God forbid, why would you want to remove elected representatives? —

they provide the state government with unprecedented ability to interfere in the running of universities.

That was the view of the university sector, and that is why students, staff and university chancellors were saying at the time to the previous government, ‘Listen up. Take notice. We can run our boards. We can get people on our boards from our own environments and our own communities, people who have the skills, the qualifications, the right attitude and the passion to make a contribution to the running of universities and TAFEs’. It was really appalling to think that for some reason this was not acceptable to the members of the then government. No, they wanted to poke their noses in, point their fingers at and lecture the university sector in that obsequious, patronising tone. They wanted the sector to repeat their mantras about what was happening in the training and university sector.

I do not blame the university and TAFE sectors for putting up their hands and saying that they did not like that, because at the same time those opposite were ripping the guts out of both sectors. They had every right to be alarmed and concerned about the way the previous government was treating them.

One of the things that this bill does very well is it makes sure that TAFEs are oriented towards the needs of their communities. I have Chisholm TAFE in my electorate. It is a very well-run TAFE due to the expertise, I believe, of the CEO, who made some very serious decisions when the cuts were imposed on her by the previous government. She has tried to hold the ship together as best she can. She has done a very good job of that and has even made sure that there is some selection of courses still being made available at Chisholm. We have been very concerned that local students have not been taking up these TAFE courses like they used to, so it was important that this government sought to reverse that.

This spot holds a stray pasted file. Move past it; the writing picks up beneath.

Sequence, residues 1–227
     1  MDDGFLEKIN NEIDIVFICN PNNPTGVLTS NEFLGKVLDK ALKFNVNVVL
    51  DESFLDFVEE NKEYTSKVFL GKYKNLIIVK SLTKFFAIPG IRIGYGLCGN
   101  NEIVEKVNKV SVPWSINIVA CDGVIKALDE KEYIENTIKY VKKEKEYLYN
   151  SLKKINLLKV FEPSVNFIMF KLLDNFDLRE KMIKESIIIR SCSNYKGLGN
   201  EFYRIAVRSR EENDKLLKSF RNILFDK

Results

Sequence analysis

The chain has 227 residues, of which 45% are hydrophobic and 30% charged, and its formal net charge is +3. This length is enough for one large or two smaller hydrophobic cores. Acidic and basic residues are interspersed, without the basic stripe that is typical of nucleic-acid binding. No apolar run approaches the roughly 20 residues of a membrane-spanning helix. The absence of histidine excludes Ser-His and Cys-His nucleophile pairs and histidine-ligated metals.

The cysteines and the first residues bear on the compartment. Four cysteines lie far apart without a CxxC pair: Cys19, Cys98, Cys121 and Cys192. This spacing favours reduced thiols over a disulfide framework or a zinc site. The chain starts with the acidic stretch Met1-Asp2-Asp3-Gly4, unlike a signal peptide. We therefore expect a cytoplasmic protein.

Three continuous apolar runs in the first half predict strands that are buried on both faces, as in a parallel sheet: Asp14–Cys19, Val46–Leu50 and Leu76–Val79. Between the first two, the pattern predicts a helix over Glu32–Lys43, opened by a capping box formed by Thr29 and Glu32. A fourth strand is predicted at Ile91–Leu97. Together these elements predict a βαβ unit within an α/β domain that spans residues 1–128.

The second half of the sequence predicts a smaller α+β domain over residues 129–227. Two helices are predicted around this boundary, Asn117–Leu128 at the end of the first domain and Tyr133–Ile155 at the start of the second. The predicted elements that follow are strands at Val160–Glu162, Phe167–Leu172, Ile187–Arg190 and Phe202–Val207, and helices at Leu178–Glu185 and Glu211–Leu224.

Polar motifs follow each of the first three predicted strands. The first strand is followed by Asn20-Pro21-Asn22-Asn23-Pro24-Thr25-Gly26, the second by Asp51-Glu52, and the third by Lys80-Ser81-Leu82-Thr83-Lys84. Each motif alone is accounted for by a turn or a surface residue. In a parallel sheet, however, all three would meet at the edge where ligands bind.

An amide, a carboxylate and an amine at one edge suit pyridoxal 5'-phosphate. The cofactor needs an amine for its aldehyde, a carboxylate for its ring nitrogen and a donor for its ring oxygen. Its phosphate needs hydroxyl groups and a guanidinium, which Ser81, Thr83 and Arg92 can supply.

Irrespective of the attempts by the member for Euroa to rewrite the former government’s history, the fact of the matter is that with the TAFE rescue package and by working collaboratively with the TAFE sector, students, teachers and community representatives, this government is turning the TAFE sector around. We are trying to get students back into these institutions and we are trying to support staff. The changes to the governance arrangements will make sure that those policies are in tune with what is needed to again make the TAFE sector a really successful, enterprising, dynamic and, more importantly, inclusive institution for students to attend.

I want to draw attention to the fact that the university sector is a very important sector. In fact I am very keen on telling other people that Victoria is the smartest state in Australia. We have some excellent universities, and I agree with representatives of the university sector that we have to make sure that our universities remain world class. When the previous government was in power there was an open letter of criticism indicating that our universities are not in the business of selling education and that they require representation by diverse communities that have a real interest in the activities of the university. The changes brought by the minister are sensible and much needed. They will set the TAFE sector on a course of being successful, inclusive and representative in the future.

The bill represents another election commitment delivered in the government’s first year of office. More importantly it delivers improved governance arrangements for TAFEs and university boards and sets them up to succeed, and all Victorians want that to happen.